The rise of China’s electric vehicle market has opened a window of opportunity for the development of domestic automotive chips. Although there has been significant progress in the production of Chinese-made automotive chips, the industry faces challenges in reducing its reliance on foreign chips and suppliers.
Currently, nearly 300 companies in China are developing automotive chip products, focusing on areas such as intelligent cockpits, autonomous driving, and intelligent connectivity. In 2022, the market size of automotive chips in China was US$16.7 billion, and it is expected to reach US$29 billion by 2030.
In one specific field, the NOA (Navigate on Autopilot) autonomous driving chip submarket, the market share of Horizon Robotics, a Chinese startup, has reached 49.05%, surpassing Nvidia’s 45.89%.
Chinese automotive chip companies are gradually closing the gap with traditional international giants. Initially, chips from Nvidia and Qualcomm essentially monopolized over 95% of the market. However, domestic chips like Huawei’s MDC, Horizon’s J3 and J5, and Black Sesame’s A1000 are now entering the market and becoming part of the global OEM and Tier 1 supplier system.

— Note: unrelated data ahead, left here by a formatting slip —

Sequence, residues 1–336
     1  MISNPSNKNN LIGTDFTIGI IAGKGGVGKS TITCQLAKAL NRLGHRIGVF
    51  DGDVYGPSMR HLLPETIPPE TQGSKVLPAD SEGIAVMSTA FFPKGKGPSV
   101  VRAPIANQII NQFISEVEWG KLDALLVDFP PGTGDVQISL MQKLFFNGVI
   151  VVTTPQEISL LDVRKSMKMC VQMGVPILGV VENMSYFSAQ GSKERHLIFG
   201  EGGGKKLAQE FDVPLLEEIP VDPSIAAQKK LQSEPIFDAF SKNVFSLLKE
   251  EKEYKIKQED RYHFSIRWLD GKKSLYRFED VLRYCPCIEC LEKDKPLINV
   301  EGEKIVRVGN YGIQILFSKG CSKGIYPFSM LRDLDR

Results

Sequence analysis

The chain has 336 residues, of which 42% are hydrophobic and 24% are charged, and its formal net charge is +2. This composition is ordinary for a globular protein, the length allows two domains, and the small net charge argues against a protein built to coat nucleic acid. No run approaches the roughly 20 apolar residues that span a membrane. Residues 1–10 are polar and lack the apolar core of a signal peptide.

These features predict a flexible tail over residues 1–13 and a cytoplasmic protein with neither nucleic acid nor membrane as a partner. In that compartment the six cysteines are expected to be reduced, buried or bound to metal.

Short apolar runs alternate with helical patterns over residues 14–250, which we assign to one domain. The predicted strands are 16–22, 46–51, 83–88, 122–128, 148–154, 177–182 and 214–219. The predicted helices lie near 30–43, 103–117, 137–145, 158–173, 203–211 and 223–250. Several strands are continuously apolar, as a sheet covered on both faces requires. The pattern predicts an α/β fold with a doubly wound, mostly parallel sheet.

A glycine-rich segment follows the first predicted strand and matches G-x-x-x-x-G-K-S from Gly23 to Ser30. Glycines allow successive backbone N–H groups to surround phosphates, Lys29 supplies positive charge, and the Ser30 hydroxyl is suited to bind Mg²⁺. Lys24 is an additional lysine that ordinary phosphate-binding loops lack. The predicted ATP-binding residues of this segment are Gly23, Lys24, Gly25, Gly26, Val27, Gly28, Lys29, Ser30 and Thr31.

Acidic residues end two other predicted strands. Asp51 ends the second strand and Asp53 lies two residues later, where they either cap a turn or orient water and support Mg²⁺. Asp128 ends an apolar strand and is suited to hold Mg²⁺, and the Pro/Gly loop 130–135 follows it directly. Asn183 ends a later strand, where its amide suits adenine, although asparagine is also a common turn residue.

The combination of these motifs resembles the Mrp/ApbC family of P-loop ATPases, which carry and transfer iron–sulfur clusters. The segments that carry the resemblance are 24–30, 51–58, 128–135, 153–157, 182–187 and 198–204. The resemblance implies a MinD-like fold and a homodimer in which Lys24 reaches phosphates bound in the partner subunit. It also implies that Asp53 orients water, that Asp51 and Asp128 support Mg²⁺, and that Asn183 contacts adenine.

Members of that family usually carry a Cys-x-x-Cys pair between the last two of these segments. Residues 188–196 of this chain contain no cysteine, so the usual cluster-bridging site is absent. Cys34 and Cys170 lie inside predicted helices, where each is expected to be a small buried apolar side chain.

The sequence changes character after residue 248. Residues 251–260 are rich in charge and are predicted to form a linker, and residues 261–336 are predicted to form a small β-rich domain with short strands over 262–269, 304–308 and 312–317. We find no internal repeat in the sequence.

"The localization rate of automotive chips has increased from less than 5% in the past to 10% now, but compared to automotive chip powerhouses like Europe, America, and Japan, the gap is still very obvious," said an executive from the China Electric Vehicle 100 Association.
There are still challenges to be addressed. Internationally, countries like the U.S., Europe, Japan, and South Korea have introduced a series of restrictive measures against China, protecting their local chip industries while imposing export bans on Chinese semiconductor companies.
The Chinese automotive semiconductor industry has a weak foundation and lack industry standards. China is highly dependent on foreign sources for essential chip design tools like EDA software and IP cores.
EDA, or Electronic Design Automation, uses computer-aided design software for chip functionality design, synthesis, verification, and physical design processes. IP cores design complex, commonly used blocks in digital circuits as modifiable modules, avoiding repetitive work and significantly reducing the engineers’ workload.
In terms of testing, China currently lacks its own standards and authoritative bodies corresponding to international standards, which is a crucial factor restricting the development of automotive chips and the global expansion of automotive products.
Additionally, China lacks an application system for verifying chip compatibility at the real-vehicle level, preventing rapid iterative validation.
"The biggest pain point in the entire industry is the dominance of foreign companies in the Tier 2 automotive semiconductor sector. Foreign companies hold about 50% market share among the top five in Tier 2, and 70% among the top ten. The best domestic power semiconductors have less than a 10% market share," said Zhao Bin, Vice President of Strategic Products and Market at Yuecore Semiconductor.